The Year in Review/Preview

This past year, 2012, has been a landmark for Survivors Fund (SURF). In partnership with AVEGA Agahozo, the national association of widows of the genocide, we have proven the impact of our holistic model of sustainable livelihood development for survivors of the genocide and have secured the funding to scale that up nationally across Rwanda.

In partnership with SURF, this year, AVEGA has opened new offices in the Southern and Northern Provinces of Rwanda to support over 10,000 genocide widows, with funding from the UK Department for International Development (DFID). The Widowed Survivors Empowerment Project (WSEP) will provide these widows with access for the first time to the wraparound package of support offered by AVEGA, which includes counselling, legal aid, advocacy and, crucially, livelihood development through training and access to capital for income-generating activities. From December, we extended the reach of this project further to widows in the Western Province, through a new grant from the Big Lottery Fund.

The holistic model of support, which addresses the multifarious needs of widows – social, economic, legal, medical and psychological – is based on our successful HIV+ Survivors Integration Project (SIP) funded by Comic Relief, which concluded in October 2012. We are proud that an independent evaluation of SIP described the work as an “extraordinary success” for having “ably demonstrated the way in which judicious interventions in a complex policy and political context can mobilise potential within a disadvantaged population that is otherwise easily written off.”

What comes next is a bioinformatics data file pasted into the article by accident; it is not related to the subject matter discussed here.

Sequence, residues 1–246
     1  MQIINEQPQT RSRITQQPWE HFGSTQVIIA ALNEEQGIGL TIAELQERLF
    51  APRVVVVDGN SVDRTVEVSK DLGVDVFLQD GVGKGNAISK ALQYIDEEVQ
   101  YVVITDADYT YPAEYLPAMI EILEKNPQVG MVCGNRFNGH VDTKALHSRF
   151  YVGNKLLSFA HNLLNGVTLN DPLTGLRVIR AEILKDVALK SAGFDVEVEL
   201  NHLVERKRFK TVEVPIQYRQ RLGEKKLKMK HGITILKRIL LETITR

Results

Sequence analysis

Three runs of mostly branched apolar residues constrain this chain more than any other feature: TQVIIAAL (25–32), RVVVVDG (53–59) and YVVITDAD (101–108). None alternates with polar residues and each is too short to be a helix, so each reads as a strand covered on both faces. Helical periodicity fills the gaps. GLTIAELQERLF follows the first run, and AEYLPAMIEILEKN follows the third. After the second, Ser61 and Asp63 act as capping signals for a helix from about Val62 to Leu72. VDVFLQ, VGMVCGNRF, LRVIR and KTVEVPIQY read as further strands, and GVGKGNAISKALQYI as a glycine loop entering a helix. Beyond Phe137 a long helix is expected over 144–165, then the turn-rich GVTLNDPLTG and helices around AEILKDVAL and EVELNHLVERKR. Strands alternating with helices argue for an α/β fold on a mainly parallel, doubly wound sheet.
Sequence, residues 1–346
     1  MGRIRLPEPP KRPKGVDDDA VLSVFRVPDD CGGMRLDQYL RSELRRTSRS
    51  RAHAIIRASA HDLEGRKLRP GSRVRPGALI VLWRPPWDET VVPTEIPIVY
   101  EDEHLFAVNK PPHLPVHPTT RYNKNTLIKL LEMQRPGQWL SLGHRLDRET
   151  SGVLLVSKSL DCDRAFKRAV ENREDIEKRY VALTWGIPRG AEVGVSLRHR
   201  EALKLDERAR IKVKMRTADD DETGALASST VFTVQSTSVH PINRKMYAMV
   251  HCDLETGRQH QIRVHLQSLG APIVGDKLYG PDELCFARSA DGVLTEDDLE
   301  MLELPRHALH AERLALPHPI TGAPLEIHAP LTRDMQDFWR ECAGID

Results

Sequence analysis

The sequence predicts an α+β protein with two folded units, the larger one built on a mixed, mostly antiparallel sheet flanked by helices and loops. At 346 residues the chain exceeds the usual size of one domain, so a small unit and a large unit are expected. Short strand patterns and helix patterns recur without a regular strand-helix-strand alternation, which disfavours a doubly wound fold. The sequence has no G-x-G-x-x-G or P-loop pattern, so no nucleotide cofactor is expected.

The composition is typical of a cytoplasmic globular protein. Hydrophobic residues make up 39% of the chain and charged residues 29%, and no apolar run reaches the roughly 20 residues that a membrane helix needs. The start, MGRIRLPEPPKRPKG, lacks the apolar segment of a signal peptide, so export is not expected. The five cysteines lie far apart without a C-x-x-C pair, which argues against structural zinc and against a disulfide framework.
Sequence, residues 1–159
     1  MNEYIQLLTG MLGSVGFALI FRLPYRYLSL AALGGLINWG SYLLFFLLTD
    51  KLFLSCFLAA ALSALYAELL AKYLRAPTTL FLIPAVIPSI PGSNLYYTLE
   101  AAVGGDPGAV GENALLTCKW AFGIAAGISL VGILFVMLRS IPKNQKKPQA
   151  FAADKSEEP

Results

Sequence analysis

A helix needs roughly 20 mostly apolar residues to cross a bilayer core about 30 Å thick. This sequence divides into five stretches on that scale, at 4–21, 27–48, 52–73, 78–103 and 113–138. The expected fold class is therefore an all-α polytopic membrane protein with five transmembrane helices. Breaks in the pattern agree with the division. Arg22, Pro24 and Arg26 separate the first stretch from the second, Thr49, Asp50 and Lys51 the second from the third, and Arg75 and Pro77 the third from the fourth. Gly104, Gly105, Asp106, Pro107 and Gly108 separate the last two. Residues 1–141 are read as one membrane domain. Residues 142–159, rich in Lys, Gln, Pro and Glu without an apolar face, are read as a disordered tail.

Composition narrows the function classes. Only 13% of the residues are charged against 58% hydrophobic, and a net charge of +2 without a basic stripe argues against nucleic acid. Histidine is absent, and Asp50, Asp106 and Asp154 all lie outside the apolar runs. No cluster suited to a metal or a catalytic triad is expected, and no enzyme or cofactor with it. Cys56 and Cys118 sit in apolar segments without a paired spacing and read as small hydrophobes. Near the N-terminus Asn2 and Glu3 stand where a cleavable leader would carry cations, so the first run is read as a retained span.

However, as many widows are now ageing, without the families that traditionally would support them, the need for AVEGA’s help, and SURF’s support, is ever more critical.

Nineteen years on, survivors are still very much dealing with the consequences of the genocide. Whether young or old, widow or orphan, the situation for many of the 400,000 survivors in Rwanda remains challenging. The legacy of genocide touches almost every aspect of their lives. Many are impoverished and face complex health problems, such as HIV and recurring trauma, as a direct result of the violence perpetrated against them during the genocide. Many are still without shelter, without access to education and in need of support to bury relatives. Some survivors are still threatened with violence by former perpetrators.

The work of SURF has made a difference in the lives of thousands of survivors over the past year, but there are many other vulnerable and marginalised survivors still without support. The Government of Rwanda Assistance Fund for Survivors (FARG) has been most essential in delivering support at scale for survivors; however, it is massively overstretched too. This year, FARG has been able to increase the number of young survivors it supports into university to nearly 5,000. However, there are a further 35,000 young survivors due to graduate from secondary school in the next three years; only a fraction will receive such support from FARG.